Since you have such a smart one yourself, it might be a good idea to see if he may be doing the same thing to you in the schoolwork arena. Because your son is only 5 and you are still in the habit forming phase of his schoolwork, I bring this up in case you may be dealing with a similar issue.
I wish you the best!
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Sorry- Only for the Nintendo DS or DS Lite. Some educational games are:
Big Brain Academy
Pokemon Trozei! (puzzle)
Advance Wars: Dual Strike I-II (strategy)
The Sims 2 (Hotel management)
Some challenging games are:
Final Fantasy III (puzzle and reading skills)
Pokemon Diamond/Pearl (collecting, puzzle, reading skills)
Pokemon Mystery Dungeon (puzzle skills)
Animal Crossing: Wild World (reading, business and money skill)
Also, if you have the cash, get a wii! there is a pro-active game out there called wii sports. YOU have to move with the remote in order for the character to do the same thing on-screen. Some other games will be coming out soon for that, too. As for the GBA, I'm sorry to say, it's life is coming to an end. Nintendo has stated that in 2007 they will discontinue their GBA franchise. DS isa great system, complete with 3-D graphics, touch screen, microphone, and internet gaming (optional, but the receiving end MUST have your 'friend code').
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I have a GBA and have a few games like that-- I wouldn't really call them educational but. . . . I have Monopoly, Risk, Scrabble, Connect Four, Mouse Trap, (pretty much all of the board game ones) and also my favorite is the I Spy one (really fun to play especially for younger kids). If you already have the Gameboy Advance system, I would definitely check out games on ebay rather than buying a new system.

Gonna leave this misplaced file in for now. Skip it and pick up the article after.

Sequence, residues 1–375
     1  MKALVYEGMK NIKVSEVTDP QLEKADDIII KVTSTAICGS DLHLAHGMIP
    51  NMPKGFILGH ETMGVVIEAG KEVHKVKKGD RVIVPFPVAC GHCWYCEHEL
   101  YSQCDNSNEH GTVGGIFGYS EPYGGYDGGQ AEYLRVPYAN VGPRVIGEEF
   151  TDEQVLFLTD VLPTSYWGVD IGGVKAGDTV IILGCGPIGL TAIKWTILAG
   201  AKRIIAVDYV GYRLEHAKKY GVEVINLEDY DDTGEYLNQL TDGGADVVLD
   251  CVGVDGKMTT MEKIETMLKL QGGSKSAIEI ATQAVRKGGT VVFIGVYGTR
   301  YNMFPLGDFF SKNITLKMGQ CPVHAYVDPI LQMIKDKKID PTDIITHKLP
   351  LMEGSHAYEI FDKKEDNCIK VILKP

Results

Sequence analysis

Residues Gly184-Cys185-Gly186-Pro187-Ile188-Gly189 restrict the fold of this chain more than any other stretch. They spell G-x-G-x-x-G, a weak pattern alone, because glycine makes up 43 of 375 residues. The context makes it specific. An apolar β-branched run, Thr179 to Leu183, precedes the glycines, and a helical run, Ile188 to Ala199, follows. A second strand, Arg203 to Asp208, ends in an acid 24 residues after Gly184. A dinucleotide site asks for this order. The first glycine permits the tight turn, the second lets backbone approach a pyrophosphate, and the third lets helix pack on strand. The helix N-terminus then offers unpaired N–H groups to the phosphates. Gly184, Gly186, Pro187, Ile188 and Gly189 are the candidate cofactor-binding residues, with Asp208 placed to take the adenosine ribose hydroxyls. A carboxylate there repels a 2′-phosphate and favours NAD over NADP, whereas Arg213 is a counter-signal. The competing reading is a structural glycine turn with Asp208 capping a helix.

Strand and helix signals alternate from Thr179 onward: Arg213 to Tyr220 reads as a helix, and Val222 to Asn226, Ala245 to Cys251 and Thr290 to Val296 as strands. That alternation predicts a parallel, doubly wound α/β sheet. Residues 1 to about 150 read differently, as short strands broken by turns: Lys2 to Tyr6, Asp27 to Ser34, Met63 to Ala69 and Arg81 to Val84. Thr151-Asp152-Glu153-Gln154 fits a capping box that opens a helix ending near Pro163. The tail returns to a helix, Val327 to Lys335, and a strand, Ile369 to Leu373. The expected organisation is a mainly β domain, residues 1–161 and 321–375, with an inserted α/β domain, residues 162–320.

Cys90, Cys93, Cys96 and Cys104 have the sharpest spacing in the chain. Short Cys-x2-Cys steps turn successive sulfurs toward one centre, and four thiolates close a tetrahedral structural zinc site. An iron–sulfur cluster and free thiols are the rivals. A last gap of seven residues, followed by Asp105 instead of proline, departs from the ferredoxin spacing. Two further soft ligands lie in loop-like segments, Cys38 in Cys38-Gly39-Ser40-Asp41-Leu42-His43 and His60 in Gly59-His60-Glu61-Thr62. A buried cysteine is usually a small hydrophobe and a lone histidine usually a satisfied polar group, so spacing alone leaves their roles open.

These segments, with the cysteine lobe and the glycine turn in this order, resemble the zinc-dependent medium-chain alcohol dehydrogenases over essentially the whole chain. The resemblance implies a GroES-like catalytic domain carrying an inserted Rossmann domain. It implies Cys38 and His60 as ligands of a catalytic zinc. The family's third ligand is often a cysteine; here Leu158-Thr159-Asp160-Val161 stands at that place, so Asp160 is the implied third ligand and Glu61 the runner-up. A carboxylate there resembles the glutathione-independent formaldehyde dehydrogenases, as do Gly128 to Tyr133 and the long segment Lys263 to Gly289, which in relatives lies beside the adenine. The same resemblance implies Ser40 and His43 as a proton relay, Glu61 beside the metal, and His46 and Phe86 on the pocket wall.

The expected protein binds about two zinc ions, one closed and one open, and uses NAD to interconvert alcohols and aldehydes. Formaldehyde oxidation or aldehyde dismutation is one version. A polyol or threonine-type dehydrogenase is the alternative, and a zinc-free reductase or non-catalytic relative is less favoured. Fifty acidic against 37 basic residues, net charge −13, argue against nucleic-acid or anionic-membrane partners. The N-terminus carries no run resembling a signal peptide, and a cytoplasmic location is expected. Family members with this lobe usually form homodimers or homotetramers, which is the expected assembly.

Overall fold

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Ok Grand Theft Auto isn't that educational and no where near age apprpriate. Second to the whining teacher it isn't always about the games. Some students are too smart for school. School has to go at the pace of the dumbest kids usually making it rough on the smart ones. The smart ones get bored. As to good games things like Advance Wars are good. Basically any strategy game is educational.
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My son is 5 too, and he loves his Leapster. It is a handheld gaming system geared to kids 4-10, and all of the games are educational. Also, try board games geared toward younger kids. There are a lot of educational board games, flash cards, etc.
As far as schoolwork is concerned, you need to help him be motivated. With my son, I offer him a small reward at the end of the week if he gets "smiley faces" on all his homework. I make a huge deal of it every time he brings home a smiley face homework, and I also make a huge deal about any other schoolwork he brings home. I ask him about his day in school every day when he gets home, and again at bedtime. I make sure he knows that he makes me proud when he does well in school. Even though my son is not a huge fan of schoolwork, it means a lot to him that I am proud of something he does.